What the library holds:

The library itself has a wide choice of components to offer (over 100). They can be divided into 2 types:

  • system components,
  • visual ones.

Visual components:

  • checkbox,
  • button,
  • toast,
  • input.

System components:

  • routing, 
  • infinite scroll, 
  • sortable list.

The documentation for each component shows whether it uses Shadow DOM (a little note next to the emulator) or not for encapsulating its own styles. It will determine how deep it will be possible to customise this component and whether it will inherit the styles from the scope above.

Noveo Ionic Framework experience ion cardThe example of the ion-card documentation

On the same page of the documentation you can find examples of how it will look on different OS: iOS and Android.

In the Usage section there are examples of how the component can be used in different frameworks. It is also worth mentioning that some components can be used in React, for instance - Virtual Scroll.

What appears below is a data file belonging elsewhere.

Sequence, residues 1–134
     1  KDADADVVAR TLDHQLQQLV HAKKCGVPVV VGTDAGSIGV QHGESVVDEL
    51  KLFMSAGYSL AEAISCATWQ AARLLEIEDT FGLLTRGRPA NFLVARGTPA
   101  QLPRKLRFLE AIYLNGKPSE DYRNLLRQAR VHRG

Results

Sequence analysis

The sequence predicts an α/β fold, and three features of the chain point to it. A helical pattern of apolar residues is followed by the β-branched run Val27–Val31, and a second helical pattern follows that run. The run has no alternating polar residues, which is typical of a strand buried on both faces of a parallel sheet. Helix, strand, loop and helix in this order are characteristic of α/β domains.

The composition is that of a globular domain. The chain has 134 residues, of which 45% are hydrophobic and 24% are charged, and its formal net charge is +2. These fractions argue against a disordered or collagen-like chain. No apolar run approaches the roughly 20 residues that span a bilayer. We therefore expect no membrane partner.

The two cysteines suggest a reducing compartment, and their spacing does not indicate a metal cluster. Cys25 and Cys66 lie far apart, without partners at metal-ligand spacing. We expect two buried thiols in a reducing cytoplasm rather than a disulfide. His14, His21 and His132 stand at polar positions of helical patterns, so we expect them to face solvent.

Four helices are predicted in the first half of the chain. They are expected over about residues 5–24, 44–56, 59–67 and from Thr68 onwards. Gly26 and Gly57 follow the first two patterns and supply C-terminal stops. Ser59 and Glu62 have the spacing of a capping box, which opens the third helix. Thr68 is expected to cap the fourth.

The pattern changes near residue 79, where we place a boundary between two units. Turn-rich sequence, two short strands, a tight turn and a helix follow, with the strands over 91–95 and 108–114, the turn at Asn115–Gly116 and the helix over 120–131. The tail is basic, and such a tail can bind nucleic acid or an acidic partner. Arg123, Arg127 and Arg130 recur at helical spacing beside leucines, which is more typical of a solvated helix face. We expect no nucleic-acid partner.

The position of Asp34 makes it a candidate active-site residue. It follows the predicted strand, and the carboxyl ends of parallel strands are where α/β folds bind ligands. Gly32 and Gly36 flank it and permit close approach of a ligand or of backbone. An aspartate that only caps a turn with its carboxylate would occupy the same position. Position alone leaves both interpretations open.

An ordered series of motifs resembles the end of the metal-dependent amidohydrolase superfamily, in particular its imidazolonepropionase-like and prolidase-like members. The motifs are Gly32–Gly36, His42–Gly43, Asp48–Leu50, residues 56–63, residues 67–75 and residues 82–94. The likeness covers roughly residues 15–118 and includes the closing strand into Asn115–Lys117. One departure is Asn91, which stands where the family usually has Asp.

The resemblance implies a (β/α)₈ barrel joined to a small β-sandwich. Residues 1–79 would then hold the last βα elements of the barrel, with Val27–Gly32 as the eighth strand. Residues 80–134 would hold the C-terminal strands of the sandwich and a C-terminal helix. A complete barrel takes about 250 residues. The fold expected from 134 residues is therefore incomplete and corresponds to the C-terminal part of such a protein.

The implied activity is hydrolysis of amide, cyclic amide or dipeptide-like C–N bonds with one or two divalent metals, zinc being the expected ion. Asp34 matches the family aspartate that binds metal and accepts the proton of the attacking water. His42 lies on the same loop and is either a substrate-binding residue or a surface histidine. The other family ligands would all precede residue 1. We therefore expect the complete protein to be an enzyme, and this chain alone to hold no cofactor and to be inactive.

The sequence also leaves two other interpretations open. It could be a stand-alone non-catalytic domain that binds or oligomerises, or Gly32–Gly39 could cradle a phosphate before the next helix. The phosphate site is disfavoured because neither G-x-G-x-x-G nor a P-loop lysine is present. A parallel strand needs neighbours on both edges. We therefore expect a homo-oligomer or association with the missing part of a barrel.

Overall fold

There is also a list of classes and css-variables which can be used to control components and there is a description of props and callbacks as well.

What is absent from the standard library kit:

  • a component for working with spreadsheets,
  • virtual scroll (it doesn’t work for React).

Styling and theming

The good news is that when you create a new project Ionic itself adds normalize.css by default.

To create components with their own styles you may use any approach you like:

  • CSS-modules,
  • CSS,
  • Styled-components,
  • CSS-in-JS.

The Ionic team made sure theming was convenient and they used css-variables to create all components.

There is a seperate kit of variables for a default theme and for a dark one. In case you need to change the colour of some element you can rewrite the value of the variable in its :root:

Noveo Ionic Framework experience rootAn example of :root-element customizing via css-variables